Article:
Identifying Snakes in Pennsylvania

Identifying Snakes in PennsylvaniaPennsylvania is home to two of America's larger cities in Pittsburgh and Philadelphia, but between them is a large rural and back-country expanse that is famous for the Poconos and the Alleghenies. With such an extensive park system, the state is a natural place for hiking and camping, and that means encounters with snakes. Some of these snakes are poisonous, so snake identification is a useful skill to acquire. (Pictured: Smooth Green Snake)


Difficulty: Moderate

Step 1
Start by looking or listening for the tell-tale rattle on the end of the snake's tail. If the snake has one, it can only be one of two poisonous rattlesnake species. Stay away.
Step 2
Try to get a look at the snake's eyes and check the pupil shape. If the pupils are slits, then the snake is one of Pennsylvania's three species of venomous snake: the timber rattlesnake, the northern copperhead or the eastern massasauga rattlesnake. Round pupils mean the snake is one of Pennsylvania's eighteen non-venomous snake species.
Step 3
Look at the color pattern of the snake scales. The northern red belly snake is a uniform reddish-brown, for example. This harmless snake is found in moist places from forests to gardens.
Step 4
Take note of how wide and long the snake is. Width should not be measured the same way length is. Simply deciding the snake is either thick or thin will do. The eastern rat snake, for example, is a long snake that is between 40 and 100 inches, with a relatively thin body. These snakes are found everywhere in Pennsylvania.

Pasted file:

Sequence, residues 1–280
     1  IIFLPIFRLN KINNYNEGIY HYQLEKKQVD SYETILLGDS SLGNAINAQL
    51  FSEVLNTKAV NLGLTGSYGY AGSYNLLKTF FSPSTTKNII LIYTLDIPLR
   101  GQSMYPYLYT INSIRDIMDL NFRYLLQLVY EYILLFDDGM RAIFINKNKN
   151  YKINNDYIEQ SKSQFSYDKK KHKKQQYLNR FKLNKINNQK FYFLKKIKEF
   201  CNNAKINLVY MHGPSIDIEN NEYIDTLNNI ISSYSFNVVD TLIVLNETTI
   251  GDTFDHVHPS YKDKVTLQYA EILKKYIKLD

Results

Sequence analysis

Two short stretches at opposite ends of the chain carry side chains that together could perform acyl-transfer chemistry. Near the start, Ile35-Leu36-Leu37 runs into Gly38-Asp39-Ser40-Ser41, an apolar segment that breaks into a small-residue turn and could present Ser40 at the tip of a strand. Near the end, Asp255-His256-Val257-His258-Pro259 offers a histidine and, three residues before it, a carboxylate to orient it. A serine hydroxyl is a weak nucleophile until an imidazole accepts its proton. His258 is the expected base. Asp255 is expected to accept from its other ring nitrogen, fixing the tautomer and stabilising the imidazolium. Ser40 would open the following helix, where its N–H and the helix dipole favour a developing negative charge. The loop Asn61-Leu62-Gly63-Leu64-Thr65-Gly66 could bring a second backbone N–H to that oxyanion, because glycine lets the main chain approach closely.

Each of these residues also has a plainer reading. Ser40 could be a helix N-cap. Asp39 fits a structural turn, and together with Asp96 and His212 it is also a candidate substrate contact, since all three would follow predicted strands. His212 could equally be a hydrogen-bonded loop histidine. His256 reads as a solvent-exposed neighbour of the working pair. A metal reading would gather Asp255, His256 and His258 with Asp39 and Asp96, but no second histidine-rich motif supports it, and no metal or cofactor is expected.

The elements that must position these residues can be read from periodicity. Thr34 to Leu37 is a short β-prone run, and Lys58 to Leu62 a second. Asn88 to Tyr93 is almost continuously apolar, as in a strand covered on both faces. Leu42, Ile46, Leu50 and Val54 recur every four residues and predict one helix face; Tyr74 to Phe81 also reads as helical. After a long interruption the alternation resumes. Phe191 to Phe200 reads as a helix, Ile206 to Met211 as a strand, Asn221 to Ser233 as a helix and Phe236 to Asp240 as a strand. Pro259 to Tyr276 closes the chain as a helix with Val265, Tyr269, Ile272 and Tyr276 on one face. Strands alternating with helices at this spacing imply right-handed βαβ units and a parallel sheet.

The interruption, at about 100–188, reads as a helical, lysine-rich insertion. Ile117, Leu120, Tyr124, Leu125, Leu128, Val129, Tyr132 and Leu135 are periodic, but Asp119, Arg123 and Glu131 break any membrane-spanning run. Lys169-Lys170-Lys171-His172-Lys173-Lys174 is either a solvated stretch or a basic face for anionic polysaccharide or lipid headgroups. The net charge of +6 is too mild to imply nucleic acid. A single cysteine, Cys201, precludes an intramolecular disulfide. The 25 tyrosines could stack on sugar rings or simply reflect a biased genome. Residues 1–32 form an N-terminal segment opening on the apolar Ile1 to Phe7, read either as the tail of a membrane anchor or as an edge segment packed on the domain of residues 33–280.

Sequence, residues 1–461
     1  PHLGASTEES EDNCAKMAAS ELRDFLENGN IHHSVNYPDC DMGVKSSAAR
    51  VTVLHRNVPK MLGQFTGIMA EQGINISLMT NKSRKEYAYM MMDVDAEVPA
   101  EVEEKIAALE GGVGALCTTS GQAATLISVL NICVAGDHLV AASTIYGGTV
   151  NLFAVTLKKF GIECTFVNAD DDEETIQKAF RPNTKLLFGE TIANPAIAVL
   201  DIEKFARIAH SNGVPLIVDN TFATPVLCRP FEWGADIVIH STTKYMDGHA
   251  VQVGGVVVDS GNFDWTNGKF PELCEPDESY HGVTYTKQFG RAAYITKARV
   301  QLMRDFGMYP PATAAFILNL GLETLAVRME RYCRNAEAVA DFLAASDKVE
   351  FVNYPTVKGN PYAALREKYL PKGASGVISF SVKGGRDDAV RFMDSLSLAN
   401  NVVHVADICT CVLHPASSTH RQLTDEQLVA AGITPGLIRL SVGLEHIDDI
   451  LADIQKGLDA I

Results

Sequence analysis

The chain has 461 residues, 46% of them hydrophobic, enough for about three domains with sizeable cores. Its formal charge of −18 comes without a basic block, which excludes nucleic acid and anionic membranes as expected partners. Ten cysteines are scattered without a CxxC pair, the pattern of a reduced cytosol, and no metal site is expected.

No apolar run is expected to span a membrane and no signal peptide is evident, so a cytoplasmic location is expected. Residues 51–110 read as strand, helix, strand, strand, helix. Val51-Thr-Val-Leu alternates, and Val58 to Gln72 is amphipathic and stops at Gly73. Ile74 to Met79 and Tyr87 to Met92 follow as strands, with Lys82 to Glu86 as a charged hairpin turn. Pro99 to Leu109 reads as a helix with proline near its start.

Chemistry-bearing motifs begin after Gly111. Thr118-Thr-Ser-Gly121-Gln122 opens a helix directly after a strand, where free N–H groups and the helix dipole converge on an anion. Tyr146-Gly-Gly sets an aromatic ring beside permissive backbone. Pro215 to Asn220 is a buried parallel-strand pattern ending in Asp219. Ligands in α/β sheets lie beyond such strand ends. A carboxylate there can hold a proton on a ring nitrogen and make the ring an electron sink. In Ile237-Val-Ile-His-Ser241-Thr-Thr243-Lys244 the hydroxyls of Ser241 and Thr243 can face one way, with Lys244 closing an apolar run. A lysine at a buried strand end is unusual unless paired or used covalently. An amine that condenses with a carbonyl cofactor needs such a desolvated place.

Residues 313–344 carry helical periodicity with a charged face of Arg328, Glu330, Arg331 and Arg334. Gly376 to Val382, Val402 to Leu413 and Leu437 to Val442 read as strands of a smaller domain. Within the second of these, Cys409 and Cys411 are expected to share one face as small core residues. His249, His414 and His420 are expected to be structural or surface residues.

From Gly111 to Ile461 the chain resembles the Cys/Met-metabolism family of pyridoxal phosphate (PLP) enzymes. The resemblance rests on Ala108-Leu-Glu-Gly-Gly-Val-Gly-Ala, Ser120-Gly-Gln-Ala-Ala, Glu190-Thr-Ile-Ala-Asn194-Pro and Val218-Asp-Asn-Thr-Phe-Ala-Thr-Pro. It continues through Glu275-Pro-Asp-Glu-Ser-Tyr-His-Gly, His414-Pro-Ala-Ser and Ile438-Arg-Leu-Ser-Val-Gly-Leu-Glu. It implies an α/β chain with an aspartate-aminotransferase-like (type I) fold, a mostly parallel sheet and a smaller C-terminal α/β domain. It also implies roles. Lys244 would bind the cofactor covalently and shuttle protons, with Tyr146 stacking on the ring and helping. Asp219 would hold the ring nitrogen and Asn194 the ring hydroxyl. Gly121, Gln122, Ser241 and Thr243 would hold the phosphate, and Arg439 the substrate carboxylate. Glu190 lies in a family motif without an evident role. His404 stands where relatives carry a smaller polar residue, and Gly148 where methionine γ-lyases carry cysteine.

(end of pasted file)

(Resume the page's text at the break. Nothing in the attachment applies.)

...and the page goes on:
Step 5
Look at the head and decide if it is distinct from the snake's body, and what shape both the head and nose are. The northern racer has an almost indistinct, streamlined head with rounded nose. It is also almost universal in Pennsylvania.

Tips & Warnings

It is a good idea to carry a good guide to Pennsylvania snakes when setting out and trying to identify them. There are 21 species of snakes that are common to the state, and more that are rare.

Article Written By Edwin Thomas

Edwin Thomas has been writing since 1997. His work has appeared in various online publications, including The Black Table, Proboxing-Fans and others. A travel blogger, editor and writer, Thomas has traveled from Argentina to Vietnam in pursuit of stories. He holds a Master of Arts in international affairs from American University.

Don't Miss a Thing!

All our latest outdoor content delivered to your inbox once a week.



We promise to keep your email address safe and secure.